Predatory conferences – A case of academic cannibalism

Less than 20 years after appearing in the groves of academe, predatory conferences now outnumber legitimate congresses held by scholarly societies. Today, one can attend multiple predatory conferences every month of the year in nearly any major city, from Tokyo to Toronto and Sydney to Helsinki.

Competition between predatory companies has become so fierce that even smaller cities have become targets. There are even conference alert websites devoted entirely to promoting predatory events.
The sheer number of predatory conferences, sometimes called questionable conferences, combined with the increasing sophistication of the organising companies, means any unknown conference should be viewed as predatory until proven otherwise.
What is a predatory conference?

To be classified as predatory, the conference organiser needs to meet three criteria: the organiser holds low quality academic meetings for the primary aim of making money – not supporting scholarship; there is no effective peer review, allowing anyone to purchase a speaking slot; and the organiser employs deceit, the most common forms being false claims of peer review, hiding the company headquarters’ true location and concealing the for-profit nature of the company.
With a few exceptions, this article will avoid naming specific predatory conference organisers for two reasons. First, many companies closely follow what is written about them and quickly make cosmetic changes to their websites in an attempt to escape the predatory label. Second, companies frequently change names or rebrand their conferences.

For example, OMICS International, currently being sued by the United Sates Federal Trade Commission for deceptive trade practices, organises conferences under at least four different brands, including: Conference Series, Pulsus Group, EuroSciCon and Life Science Events.
Some predatory organisers started out as predatory publishers and expanded into conferences. Others focus exclusively on conference organising, although they may also funnel papers to predatory publishers.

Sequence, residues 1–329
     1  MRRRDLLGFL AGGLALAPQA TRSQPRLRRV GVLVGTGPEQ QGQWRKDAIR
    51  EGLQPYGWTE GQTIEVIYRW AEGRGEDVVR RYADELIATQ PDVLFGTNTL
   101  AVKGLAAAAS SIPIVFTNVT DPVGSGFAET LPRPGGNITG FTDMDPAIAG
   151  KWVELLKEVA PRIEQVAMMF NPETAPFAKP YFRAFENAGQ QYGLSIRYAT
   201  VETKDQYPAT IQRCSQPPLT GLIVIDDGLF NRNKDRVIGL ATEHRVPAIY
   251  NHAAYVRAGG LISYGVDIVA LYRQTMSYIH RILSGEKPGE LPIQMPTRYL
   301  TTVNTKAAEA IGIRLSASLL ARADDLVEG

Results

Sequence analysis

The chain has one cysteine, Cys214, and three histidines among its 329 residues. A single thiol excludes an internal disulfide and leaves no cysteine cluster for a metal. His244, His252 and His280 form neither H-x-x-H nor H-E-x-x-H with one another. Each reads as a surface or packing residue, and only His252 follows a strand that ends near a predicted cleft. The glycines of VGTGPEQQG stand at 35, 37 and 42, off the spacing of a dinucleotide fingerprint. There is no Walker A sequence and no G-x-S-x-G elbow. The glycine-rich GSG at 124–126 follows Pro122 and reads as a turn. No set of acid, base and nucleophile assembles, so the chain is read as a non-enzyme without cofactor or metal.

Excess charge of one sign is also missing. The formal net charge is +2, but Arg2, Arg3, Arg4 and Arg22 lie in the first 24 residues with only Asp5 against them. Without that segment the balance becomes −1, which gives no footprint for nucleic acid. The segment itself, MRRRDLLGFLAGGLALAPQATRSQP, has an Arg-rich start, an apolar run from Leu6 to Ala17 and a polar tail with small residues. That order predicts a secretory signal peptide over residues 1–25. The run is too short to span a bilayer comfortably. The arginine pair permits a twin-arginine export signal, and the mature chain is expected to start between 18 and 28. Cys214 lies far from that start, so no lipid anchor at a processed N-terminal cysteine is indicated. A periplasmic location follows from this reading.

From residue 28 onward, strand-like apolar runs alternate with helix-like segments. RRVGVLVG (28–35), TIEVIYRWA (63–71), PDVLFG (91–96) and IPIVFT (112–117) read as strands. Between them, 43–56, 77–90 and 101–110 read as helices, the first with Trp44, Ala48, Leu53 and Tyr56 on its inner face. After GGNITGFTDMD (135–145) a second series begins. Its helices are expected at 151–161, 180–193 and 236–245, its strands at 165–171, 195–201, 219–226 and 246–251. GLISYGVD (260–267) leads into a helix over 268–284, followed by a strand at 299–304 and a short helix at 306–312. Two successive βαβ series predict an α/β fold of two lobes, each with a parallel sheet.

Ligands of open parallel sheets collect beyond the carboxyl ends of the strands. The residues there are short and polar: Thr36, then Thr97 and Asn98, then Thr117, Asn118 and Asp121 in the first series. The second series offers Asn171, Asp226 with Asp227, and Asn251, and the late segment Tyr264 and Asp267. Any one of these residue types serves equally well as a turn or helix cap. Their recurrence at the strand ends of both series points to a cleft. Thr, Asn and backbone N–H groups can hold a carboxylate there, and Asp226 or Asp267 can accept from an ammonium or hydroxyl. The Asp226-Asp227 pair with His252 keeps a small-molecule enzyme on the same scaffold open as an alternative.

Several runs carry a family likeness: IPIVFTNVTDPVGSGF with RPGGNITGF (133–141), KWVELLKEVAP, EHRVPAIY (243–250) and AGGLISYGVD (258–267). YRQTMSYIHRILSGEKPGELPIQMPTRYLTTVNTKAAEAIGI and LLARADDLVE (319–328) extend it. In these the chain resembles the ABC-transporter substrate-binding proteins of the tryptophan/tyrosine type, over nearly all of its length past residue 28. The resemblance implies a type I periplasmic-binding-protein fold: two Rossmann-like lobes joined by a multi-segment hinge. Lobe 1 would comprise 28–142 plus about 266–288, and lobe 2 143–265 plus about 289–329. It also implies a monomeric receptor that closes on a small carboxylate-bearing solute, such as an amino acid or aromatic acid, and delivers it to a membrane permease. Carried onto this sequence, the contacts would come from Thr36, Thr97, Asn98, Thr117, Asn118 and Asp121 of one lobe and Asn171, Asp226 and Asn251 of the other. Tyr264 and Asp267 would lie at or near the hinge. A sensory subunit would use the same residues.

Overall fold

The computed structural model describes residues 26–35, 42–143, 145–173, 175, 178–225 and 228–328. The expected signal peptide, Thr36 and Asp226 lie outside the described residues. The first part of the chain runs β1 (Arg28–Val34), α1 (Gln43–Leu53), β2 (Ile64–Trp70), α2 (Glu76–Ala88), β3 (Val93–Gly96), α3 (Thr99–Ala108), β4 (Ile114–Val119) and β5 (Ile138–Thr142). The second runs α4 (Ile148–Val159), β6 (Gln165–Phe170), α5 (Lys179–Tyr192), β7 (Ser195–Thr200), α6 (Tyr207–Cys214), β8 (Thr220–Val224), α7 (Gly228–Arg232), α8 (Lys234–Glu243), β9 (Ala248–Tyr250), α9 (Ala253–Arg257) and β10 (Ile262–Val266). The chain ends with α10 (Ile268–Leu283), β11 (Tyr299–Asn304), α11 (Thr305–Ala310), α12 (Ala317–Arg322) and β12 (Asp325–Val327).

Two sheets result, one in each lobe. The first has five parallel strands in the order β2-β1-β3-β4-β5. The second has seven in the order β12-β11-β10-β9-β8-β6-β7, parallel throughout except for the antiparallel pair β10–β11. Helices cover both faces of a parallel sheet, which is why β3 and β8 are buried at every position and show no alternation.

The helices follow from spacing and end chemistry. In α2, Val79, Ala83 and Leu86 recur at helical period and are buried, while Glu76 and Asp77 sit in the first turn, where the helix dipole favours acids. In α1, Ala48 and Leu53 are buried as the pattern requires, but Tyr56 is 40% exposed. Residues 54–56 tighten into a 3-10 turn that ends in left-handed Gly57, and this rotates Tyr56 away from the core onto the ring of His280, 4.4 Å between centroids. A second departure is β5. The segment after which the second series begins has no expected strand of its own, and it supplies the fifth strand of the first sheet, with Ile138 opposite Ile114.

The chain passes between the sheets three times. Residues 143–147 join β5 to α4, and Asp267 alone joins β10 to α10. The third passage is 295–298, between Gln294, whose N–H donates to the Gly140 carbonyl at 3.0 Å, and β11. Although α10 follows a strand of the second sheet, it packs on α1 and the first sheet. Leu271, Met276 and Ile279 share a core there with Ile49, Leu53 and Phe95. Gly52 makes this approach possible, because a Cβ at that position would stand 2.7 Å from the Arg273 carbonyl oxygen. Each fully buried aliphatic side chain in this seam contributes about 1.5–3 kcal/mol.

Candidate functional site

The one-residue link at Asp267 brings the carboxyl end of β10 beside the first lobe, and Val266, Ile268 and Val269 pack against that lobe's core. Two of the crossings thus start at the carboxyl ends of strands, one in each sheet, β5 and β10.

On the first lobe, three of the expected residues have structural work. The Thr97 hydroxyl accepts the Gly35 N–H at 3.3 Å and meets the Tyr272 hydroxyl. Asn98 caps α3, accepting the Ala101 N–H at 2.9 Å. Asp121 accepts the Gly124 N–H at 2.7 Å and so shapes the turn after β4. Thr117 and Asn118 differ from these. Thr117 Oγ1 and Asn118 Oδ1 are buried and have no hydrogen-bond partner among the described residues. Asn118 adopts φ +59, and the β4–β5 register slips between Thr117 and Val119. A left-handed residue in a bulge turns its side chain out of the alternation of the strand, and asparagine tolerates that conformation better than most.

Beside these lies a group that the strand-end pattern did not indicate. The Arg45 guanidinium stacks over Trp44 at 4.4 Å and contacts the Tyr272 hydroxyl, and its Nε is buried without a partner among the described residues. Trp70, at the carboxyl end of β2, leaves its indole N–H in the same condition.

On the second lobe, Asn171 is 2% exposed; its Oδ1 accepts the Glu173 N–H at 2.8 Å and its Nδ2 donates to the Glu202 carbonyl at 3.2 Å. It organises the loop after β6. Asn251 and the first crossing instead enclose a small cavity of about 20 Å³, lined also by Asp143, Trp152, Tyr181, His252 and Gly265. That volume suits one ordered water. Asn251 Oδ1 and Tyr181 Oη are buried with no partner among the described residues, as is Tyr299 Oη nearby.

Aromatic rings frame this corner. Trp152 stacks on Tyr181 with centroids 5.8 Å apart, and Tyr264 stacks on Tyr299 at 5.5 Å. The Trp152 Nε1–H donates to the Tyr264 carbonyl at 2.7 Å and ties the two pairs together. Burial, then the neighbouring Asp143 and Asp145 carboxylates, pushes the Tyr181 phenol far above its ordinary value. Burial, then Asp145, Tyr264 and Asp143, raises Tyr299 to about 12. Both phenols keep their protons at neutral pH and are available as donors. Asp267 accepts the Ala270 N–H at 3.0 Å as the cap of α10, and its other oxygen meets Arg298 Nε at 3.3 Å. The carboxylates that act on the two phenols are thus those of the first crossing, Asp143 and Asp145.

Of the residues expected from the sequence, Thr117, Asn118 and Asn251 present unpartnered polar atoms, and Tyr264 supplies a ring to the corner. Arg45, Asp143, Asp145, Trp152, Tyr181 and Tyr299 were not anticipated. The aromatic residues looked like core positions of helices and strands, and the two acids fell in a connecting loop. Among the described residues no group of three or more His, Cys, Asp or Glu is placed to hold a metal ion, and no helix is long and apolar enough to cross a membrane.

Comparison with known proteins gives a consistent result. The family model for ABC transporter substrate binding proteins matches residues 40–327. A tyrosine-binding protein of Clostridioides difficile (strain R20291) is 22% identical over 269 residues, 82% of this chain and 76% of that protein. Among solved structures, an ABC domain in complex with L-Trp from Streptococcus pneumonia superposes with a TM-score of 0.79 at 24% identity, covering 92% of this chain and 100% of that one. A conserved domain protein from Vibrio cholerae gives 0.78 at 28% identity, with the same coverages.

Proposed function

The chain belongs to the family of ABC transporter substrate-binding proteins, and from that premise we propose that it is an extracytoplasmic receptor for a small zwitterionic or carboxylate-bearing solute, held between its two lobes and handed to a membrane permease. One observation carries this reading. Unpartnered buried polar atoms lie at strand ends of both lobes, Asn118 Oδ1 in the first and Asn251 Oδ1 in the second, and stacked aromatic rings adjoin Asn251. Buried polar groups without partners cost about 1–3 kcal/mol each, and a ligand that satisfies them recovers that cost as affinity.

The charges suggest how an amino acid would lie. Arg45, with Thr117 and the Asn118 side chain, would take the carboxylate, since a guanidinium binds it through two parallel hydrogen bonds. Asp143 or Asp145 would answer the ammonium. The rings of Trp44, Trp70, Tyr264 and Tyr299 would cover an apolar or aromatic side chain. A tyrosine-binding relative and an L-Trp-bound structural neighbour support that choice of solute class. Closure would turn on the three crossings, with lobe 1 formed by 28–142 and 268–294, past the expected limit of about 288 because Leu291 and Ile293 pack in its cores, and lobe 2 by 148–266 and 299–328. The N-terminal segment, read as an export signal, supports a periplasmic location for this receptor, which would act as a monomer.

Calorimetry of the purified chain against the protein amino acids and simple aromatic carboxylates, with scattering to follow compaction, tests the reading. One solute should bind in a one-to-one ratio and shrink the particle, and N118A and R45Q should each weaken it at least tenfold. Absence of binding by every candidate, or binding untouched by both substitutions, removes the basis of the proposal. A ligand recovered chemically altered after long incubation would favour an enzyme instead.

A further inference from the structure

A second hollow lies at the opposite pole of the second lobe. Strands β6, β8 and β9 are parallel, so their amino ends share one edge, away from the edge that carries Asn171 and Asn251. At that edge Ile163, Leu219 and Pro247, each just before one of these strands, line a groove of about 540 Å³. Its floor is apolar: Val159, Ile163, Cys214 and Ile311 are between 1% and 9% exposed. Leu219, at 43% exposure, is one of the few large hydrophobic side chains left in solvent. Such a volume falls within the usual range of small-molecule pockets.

University faculty members own some of the slickest predatory conference companies and manage to convince other academics to join their organisational boards.
Many, but by no means all, predatory companies are based in Asia, including China, Hong Kong, India, Malaysia and Taiwan. However, more developed countries including Canada, Japan, the United Kingdom and the United States also have multiple predatory conference companies.
The dangers

Too many academics think predatory conferences are not worth worrying about, especially if their research field places less importance on conference presentations and proceedings publications compared to journal publications.

Nevertheless, predatory conferences do threaten the foundations of the ivory tower. Lacking real peer review, they allow anyone to present and publish poor, plagiarised or phony research. At predatory conferences, the United Nations created AIDS to reduce the world’s population and global warming does not exist.
Predatory conferences typically combine several conferences together in a single hotel conference room, forcing attendees to listen to presentations on topics outside their field and tricking well-intentioned but ignorant academics into participating and wasting their limited research budgets and time. Their honest efforts may also be tainted by appearing alongside nonsense papers in the conference proceedings.
Furthermore, as predatory conference organisers have grown, they have been buying legitimate publishers and conference organisers, blurring the line between predatory and legitimate. Scholarly societies that rely on their annual conference for funds can also find themselves competing with the ever-increasing number of predatory events.
The enemy is us

The main reason predatory conferences have become such a big problem is that researchers and institutions are doing basically nothing to address the problem.

Little action is taken to warn researchers or universities about the danger, and even less to punish those who present at, or help organise, the events.